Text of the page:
12 More Revision Prompts: Teaching Revision 14



This is a continuation of my posts on teaching revision. The first 22 revision prompts are here. Another 7 are here. If you’d like to contribute a guest post or response, please contact me at m [dot] salesses [at gmail etc.].

  1. Research something fact-based or theory-based or historical, etc., and add at least 10 “facts” (or statements of information) from your research that seem relevant to the thematic content of your story. Maybe one of your characters is interested in this subject, or your protagonist goes to a museum or gets an information flyer or mysterious phone call or email, or whatever. “Nonfiction” information, or a researched topic, can help get across the theme and give your audience the sense that they’re learning something–they can create interest and investment through a kind of backdoor. Think of the novel, The Quick and the Dead, by Joy Williams, which uses environmental facts and theories to get across the theme and character and to immerse its reader in the obsession of its protagonist. 10 “facts” is a low number–maybe shoot for more? Think about how they’re related or could be related and how they could be related to your story’s theme.
  2. Restructure your story so that it starts at the most recent event and moves backward in time. Think about the causation here. Also think about the character’s possible paths and how those paths narrow by the choices they make.
  3. Add interpretation and rumination/consideration from your narrator to the story so that the narrator (from a later point in time or a more understanding position) can tell the audience what the events in the story mean. Add this all over, but then cut out what is too much explaining or is too obvious, etc. Then try to let these additions help you rediscover what the story is about and how characters act in certain situations–what they know and don’t know about what is going on at the time and how that knowledge changes.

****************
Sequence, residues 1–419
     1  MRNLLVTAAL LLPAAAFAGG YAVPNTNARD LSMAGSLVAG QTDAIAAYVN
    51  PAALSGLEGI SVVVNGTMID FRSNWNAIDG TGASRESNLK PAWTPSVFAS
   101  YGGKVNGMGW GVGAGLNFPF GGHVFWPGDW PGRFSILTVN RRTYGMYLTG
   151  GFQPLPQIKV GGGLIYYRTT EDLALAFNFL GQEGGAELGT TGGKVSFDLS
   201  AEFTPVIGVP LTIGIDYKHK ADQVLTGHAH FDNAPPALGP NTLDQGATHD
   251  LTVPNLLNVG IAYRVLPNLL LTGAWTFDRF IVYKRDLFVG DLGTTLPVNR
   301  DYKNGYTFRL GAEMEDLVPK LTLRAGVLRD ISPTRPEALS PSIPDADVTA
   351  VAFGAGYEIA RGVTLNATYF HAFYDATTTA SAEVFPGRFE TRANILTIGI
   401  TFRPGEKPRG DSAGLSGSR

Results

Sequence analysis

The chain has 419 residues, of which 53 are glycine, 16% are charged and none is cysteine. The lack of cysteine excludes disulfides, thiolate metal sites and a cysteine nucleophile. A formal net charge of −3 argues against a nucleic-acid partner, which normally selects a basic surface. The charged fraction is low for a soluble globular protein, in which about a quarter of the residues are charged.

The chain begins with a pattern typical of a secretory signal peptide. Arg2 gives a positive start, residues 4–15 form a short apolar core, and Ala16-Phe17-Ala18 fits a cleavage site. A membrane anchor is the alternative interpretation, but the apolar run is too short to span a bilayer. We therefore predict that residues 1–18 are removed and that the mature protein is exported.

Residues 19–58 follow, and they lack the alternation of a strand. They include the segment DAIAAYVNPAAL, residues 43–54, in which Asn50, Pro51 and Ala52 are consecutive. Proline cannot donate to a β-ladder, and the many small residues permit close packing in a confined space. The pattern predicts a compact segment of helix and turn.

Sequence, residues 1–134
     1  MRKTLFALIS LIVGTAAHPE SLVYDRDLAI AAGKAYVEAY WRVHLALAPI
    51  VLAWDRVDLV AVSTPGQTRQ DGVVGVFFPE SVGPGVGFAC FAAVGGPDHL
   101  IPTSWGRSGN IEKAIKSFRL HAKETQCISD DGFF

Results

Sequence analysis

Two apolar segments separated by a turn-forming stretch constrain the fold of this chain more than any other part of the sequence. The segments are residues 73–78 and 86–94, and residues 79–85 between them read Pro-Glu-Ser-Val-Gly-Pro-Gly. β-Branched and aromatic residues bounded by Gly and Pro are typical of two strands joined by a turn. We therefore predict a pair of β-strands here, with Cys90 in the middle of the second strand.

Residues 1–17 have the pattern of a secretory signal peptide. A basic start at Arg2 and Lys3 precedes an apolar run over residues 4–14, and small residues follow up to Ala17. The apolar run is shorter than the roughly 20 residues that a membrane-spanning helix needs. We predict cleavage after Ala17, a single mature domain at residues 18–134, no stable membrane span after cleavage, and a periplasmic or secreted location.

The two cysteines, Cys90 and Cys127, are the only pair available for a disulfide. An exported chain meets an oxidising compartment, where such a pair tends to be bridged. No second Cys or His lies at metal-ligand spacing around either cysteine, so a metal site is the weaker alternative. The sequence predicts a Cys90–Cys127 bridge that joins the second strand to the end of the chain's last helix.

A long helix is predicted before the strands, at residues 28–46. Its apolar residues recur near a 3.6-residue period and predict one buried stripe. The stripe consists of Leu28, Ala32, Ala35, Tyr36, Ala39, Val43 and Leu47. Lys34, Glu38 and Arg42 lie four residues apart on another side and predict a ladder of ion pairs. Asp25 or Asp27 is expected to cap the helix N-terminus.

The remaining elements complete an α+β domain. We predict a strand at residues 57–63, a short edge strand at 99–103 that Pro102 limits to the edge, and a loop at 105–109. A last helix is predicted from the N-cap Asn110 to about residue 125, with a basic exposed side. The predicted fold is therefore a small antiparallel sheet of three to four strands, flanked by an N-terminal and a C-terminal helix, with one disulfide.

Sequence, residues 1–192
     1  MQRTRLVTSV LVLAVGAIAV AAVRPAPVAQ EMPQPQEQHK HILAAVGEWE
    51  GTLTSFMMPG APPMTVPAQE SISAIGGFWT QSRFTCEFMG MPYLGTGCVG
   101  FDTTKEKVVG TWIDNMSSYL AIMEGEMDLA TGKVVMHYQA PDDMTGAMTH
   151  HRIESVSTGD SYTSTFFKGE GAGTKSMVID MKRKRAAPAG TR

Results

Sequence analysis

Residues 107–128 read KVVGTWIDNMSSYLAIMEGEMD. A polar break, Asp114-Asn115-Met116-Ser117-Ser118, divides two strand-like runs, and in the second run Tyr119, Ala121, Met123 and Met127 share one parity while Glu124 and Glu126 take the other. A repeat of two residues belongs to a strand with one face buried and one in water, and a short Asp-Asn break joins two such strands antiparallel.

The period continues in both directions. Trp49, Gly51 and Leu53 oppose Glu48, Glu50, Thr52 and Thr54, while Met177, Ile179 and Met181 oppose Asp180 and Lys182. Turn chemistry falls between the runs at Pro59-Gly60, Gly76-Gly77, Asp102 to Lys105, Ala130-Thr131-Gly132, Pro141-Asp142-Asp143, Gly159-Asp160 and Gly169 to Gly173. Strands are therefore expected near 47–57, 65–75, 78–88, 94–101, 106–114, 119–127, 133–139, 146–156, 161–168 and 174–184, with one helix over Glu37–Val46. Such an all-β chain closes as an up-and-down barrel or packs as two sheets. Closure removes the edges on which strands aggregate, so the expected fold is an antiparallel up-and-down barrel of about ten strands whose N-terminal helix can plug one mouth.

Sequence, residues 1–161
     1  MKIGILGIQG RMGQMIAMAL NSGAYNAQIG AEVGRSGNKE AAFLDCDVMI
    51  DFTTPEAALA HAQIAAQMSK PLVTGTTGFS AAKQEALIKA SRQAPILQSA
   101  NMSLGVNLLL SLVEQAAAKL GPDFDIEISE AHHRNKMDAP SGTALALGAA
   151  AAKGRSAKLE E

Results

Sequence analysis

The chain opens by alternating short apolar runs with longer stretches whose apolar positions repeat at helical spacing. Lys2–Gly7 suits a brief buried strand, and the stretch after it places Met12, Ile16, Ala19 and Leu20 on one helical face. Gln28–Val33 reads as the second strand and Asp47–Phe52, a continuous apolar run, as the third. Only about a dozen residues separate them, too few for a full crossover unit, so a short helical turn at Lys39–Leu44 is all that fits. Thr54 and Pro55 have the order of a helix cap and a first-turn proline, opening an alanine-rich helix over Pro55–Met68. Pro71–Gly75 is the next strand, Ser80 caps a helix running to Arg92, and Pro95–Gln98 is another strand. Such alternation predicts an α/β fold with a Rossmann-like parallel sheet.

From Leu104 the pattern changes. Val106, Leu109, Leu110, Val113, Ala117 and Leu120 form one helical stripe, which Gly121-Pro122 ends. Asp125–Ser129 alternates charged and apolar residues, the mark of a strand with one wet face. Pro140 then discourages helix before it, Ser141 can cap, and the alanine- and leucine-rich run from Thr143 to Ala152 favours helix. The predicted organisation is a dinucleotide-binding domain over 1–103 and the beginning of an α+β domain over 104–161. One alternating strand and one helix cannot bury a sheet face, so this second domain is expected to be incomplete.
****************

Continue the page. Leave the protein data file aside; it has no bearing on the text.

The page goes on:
4.  Go paragraph by paragraph and try to get each paragraph to answer at least one question that the story has already brought up, and also pose at least two more questions, until the climax.
  5. Introduce a symbolic and/or magical premise and begin the story with that premise, in the very first sentence. Now revise to make the story work with this new premise. Make sure the premise speaks directly to your themes! (Don’t choose this one if you already have a symbolic/magical premise, unless you feel you aren’t foregrounding it well enough and need to refocus the story on the premise, maybe.)
  6. Revise your story so that it is only 3 big scenes (and maybe also narrative summary). Maybe you need to combine scenes. Maybe backstory moves into dialogue. Do whatever you need to do to make this work as a story.
  7. Add a scene to reveal more about a minor character. What is the minor character doing while the rest of the story is going on? How do these actions or action affect what the protagonist must do or decide?
  8. Add a clock to the story–something that starts at the beginning of the story and counts down to the end; for example, Suzy has two weeks to live.
  9. Tell the story from two alternating perspectives, a la “Seven.” Think about secrets and the differences between what the two characters know and how the two different perspectives add to and build on each other. Make sure to give both characters an arc, and to have both arcs contribute to the same theme. Now cut back to one if you need to. How do you get the information in?
  10. Increase the resonance in your story by adding three things: rhyming action, motif, and objects.
  11. Increase the outside conflict by at least 2x the page-space it takes now. Make sure it works thematically with the character arc. Raise the stakes! Then cut so you have the same number of pages as before, but with more outside conflict.
  12. Work on grounding your story throughout. Use the list we talked about in class, which included setting, staging, not switching perspective or time or place too much within paragraphs, using space breaks, introducing characters fully when they come up, introducing characters by their relationship to the protagonist, within sentences being careful to start with grounding information instead of burying it later, thinking carefully about the order in which information is revealed, making sure information that doesn’t need to be withheld is given upfront, etc.

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